All typical questions. They were repeated in an accelerated fashion by the VP who essentially said that he was more interested with how I could write rather than what kind of a person I was, politely. I gave the same answers, shook his hand, and was passed over for an internal placement. Go figure.


The frontrunning job was with the benefits company, which was located in Thornhill. My first interview was on Dec 21st, and the company, work and environment looked great. It also was located in Thornhill. The pay and company looked attractive enough that I was willing to buy a car (which I would like to avoid for as long as possible) or to start arranging a car pool with the eminent Hembeck, who worked nearby. To take that job would involve one of those horrible 'lifestyle changes' discussed by insurance agents and on Oprah...it would be an isolating position, but having a car would help. And having a car would be expensive. Which would be offset by the steady salary and nature of the job. It felt like the kind of decision which would look great in hindsight, in 2 or 3 years.

The first person I interviewed with (a marketing director) more or less said that the job was mine- they had been trying to fill it for over 4 months (which should have told me something immediately) and what kind of a laptop would I like, did I want my own office, and did I know that most staff workedup to 2 days a week from home? All of these hit me as perfect, especially working from home.

Still, I kept interviewing. A Ministry of Transportation interview was pointless- the first question I was asked was "What technical and system documentation for end users have you produced in the last 2 years?" and I had to tell them that I'd been a corporate comunicator for the last 2 years, not a tech writer, and could they not have read the resume in front of them to find out the same facts?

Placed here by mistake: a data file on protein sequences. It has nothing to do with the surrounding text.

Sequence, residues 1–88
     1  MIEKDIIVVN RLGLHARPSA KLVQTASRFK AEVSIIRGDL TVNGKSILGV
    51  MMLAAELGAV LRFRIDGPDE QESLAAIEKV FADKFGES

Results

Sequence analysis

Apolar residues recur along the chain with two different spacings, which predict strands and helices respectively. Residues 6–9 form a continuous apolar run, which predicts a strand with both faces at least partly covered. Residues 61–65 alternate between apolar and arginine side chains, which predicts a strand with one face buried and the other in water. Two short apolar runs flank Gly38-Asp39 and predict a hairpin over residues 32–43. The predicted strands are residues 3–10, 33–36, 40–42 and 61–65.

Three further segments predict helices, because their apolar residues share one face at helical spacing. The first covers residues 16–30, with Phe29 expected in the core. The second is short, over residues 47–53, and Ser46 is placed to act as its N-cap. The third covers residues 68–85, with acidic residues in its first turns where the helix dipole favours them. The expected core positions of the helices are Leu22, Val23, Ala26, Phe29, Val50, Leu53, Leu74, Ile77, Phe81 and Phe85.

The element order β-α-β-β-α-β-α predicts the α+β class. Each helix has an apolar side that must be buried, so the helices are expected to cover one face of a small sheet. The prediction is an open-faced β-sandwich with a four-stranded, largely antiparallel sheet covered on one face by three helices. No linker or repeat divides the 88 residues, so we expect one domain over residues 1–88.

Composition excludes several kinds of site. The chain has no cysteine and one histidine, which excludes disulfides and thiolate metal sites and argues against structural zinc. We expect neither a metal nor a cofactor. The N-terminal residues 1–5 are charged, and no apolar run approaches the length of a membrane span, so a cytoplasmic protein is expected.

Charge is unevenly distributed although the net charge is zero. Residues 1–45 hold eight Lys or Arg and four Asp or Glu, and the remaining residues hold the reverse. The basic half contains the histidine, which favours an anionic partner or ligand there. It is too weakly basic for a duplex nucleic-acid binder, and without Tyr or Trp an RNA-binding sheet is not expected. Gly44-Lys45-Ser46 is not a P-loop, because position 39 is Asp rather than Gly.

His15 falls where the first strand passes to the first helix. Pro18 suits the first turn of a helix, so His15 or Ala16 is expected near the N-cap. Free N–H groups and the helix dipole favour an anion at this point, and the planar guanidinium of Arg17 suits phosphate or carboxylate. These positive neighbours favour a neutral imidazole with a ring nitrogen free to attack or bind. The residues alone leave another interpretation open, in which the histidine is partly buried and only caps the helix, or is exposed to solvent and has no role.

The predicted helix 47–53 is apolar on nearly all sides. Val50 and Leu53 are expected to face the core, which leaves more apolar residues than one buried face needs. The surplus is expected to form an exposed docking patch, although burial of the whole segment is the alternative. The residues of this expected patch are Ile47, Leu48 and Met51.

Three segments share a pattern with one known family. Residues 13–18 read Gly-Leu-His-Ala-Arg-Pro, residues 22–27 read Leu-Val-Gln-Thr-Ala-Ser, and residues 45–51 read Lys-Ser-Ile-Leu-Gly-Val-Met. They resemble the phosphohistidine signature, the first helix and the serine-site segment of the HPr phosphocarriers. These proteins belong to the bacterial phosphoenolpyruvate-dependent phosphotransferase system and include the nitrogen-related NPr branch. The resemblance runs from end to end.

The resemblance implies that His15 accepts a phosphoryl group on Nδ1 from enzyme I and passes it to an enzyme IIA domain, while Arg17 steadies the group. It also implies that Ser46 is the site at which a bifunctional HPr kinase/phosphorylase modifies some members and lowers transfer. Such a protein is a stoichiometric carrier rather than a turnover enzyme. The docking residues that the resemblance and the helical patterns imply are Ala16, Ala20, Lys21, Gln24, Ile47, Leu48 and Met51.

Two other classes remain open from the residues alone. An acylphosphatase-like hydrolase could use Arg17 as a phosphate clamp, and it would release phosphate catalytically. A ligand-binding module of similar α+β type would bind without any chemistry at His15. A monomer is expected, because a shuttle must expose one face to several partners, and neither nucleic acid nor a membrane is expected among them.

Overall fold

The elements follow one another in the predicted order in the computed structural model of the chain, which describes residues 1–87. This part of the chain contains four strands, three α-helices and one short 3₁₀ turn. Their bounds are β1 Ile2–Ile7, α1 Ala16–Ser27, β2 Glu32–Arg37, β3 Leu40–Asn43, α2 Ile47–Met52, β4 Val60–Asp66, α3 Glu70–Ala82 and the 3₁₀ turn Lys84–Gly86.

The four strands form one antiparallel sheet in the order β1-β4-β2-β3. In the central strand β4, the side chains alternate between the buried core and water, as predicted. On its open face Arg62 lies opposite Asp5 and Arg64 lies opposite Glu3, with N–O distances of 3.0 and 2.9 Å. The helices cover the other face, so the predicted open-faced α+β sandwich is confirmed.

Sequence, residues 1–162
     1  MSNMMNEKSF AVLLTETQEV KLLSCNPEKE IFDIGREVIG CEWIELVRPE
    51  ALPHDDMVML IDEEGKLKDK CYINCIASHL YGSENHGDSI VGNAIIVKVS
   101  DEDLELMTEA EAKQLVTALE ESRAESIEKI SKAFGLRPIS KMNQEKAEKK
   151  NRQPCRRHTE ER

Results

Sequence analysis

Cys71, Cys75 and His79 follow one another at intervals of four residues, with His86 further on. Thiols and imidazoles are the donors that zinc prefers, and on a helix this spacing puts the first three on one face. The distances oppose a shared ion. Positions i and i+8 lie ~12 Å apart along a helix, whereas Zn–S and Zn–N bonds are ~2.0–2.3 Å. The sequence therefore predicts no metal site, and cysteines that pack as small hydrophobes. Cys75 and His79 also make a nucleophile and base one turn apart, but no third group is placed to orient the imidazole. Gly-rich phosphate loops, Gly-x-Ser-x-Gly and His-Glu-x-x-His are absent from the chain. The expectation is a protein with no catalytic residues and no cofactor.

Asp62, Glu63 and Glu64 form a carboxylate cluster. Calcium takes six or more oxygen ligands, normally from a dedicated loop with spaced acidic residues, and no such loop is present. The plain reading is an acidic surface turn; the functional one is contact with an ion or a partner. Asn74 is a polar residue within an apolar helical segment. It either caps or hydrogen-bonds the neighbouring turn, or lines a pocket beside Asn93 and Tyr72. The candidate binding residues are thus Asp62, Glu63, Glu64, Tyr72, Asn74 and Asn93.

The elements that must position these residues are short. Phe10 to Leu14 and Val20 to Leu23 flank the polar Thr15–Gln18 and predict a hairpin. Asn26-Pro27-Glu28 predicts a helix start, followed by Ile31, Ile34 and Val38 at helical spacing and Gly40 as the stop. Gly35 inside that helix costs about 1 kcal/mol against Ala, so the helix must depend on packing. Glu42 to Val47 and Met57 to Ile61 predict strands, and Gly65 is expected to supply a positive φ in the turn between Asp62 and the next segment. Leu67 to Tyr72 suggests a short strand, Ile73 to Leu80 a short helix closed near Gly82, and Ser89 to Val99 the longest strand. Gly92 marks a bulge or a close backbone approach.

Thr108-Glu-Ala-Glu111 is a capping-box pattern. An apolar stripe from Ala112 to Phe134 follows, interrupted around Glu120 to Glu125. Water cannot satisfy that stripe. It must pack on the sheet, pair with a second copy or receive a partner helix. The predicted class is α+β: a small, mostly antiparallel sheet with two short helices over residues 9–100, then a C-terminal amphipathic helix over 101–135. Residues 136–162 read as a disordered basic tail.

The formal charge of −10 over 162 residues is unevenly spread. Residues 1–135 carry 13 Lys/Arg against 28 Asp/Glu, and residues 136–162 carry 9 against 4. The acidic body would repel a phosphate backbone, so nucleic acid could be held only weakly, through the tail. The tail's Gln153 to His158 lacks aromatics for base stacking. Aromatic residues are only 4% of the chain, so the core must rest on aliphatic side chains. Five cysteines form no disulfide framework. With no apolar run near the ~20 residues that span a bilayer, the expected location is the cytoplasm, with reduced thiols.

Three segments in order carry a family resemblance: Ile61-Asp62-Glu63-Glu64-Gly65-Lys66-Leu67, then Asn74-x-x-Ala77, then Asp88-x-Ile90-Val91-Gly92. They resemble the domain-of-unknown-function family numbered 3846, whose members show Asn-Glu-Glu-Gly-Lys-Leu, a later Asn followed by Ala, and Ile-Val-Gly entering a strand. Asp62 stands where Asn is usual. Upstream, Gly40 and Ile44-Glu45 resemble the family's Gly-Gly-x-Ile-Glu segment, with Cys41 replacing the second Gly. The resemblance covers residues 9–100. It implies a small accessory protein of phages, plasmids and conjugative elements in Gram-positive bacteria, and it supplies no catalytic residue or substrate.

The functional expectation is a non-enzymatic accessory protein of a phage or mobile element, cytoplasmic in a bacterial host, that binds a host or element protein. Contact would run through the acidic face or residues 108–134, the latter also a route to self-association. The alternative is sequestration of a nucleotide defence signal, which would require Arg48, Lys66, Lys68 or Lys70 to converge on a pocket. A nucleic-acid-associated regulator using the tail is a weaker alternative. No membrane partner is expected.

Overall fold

And there was a very expensive law firm with a long interview and test (had to write a precis based on a supreme court ruling), which was entertaining and challenging and I left thinking "These people are looking for a paralegal or a law student who can write."


In early January, I was called back to the benefits company to meet with another marketing director for more or less the same interview, largely revolving around proposal writing techniques. I signed a non-disclosure form and produced a brief sample. It was now 2 weeks after the initial interview, a bit longer than usual but the Christmas break had to be taken into account.

A week after that, the recruiter called me and said that the second interviewer was very concerned with 'fit', to ensure that personalities and approach to work were all in sync. This bothered me - again, the questions had all been technical, if she felt that I might not 'fit', could she give me some criteria as to what this 'fit' required? And they wanted to know if I would meet with a 3rd person from the company in a decidedly informal atmosphere - a Starbucks in North York.

Continued in Part II